As well as being a great drop-in hosting system for a lot of bare-metal and “legacy” cloud workloads, Kubernetes provides some spectacular developer tools and access to automation. It is often very easy to do things that on other platforms would be difficult or impossible.
Continuous Delivery is an example of something that, in practice, can prove difficult to orchestrate. Even with high automation, release processes often have enough moving parts, or sufficient latency, that operating them frequently is prohibitively expensive, difficult or error-prone.
Releases in Kubernetes however are generally so rapid and so well orchestrated that this is not a problem.
This week I put together a simple CD pipeline using CircleCI which is a good example of how simple this can be.
There are three phases to a software update based on docker images: build, push and update.
Build and push
CircleCI makes orchestrating this in a Continuous Integration system really easy. We’re storing our images in AWS Elastic Container Registry (ECR), which adds a little bit of complexity, but even then it’s pretty easy. Here’s the relevant part of the CircleCI configuration:
jobs: deploy: docker: - image: circleci/python:3.6.1 working_directory: ~/repo steps: - checkout - setup_remote_docker: docker_layer_caching: true - run: name: Push to ECR command: | python3 -m venv venv . venv/bin/activate pip install awscli TAG=0.1.$CIRCLE_BUILD_NUM docker build -t local:$TAG . eval `aws ecr get-login | sed -e's/-e none//'` docker tag local:$TAG $AWS_ECR_REGISTRY:$TAG docker push $AWS_ECR_REGISTRY:$TAG
This has to jump through a couple of hoops. First, install the awscli, needed to log in to ECR:
python3 -m venv ven . venv/bin/activate pip install awscli
This is why we’re basing the build on a python image, so we have pip.
Build the local copy of the actual deployment image:
docker build -t local:$TAG .
Then do the login with some nasty shell hackery, tag the remote image and push it:
eval `aws ecr get-login | sed -e's/-e none//'` docker tag local:$TAG $AWS_ECR_REGISTRY:$TAG docker push $AWS_ECR_REGISTRY:$TAG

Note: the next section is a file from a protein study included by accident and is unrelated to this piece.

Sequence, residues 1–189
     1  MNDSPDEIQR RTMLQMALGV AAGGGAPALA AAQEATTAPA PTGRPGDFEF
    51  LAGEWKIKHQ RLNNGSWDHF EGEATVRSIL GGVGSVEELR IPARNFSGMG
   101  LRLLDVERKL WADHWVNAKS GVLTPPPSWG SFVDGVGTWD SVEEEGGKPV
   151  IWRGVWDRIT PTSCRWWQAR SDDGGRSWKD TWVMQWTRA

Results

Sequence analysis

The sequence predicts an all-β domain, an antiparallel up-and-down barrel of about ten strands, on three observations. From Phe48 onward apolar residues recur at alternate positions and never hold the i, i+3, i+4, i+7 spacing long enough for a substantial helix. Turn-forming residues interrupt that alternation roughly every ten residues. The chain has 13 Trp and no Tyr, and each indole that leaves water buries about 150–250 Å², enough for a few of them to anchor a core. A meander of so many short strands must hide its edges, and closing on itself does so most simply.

At this point, we’ve got the image in the remote registry. Authentication with AWS is handled by putting AWS_ACCESS_KEY_ID and AWS_SECRET_ACCESS_KEY environment variables with appropriate credentials in the CircleCI project environment.
Actually deploying into the cluster uses a tool we wrote a while ago, k8ecr. This uses the AWS-SDK, the Kubernetes client-go packages and the docker client to coordinate various common operations on ECR repositories and Kubernetes. In particular it can issue image updates to Kubernetes deployment resources.
It has a mode where you can tell it to update every relevant deployment in a namespace:
> k8ecr deploy stage -
Running this command will cause it to compare (using semver) all the tags in all the ECR repositories in your AWS account with all the containers in all the deployments in the specified namespace (in this case stage), and issue rolling updates for all the containers for which there is a new version. Kubernetes then does whatever is necessary to get the new code running.
So if you have previously pushed a new version of an image, and there is a deployment using an earlier version of that image, then it will get updated.
The only missing part of the orchestration is doing this regularly, and we can do this, naturally, with another kubernetes deployment. Here’s a Dockerfile:
FROM alpine ENV AWS_REGION eu-west-2 RUN apk add --no-cache ca-certificates ADD k8ecr / CMD while true; do /k8ecr deploy $NAMESPACE -; sleep 60; done
and deployment resource:
apiVersion: apps/v1beta1 kind: Deployment metadata: name: autodeploy-stage spec: replicas: 1 template: metadata: labels: app: autodeploy-stage spec: containers: - name: app image: isotoma/k8ecr-autodeploy env: - name: NAMESPACE value: stage
Every 60 seconds this will perform the checks and trigger any appropriate deployments. Voila, an auto-updating stage namespace. Now developers can do whatever is necessary in CI and magically have their stage updated. CircleCI provides filters so that, for example, only tags get deployed, and we can include the tag versions in the image versions.
If you want to use this, then an image built with that Dockerfile is available on docker hub.
Promotion to production then just requires running k8ecr with the appropriate arguments and we’re done.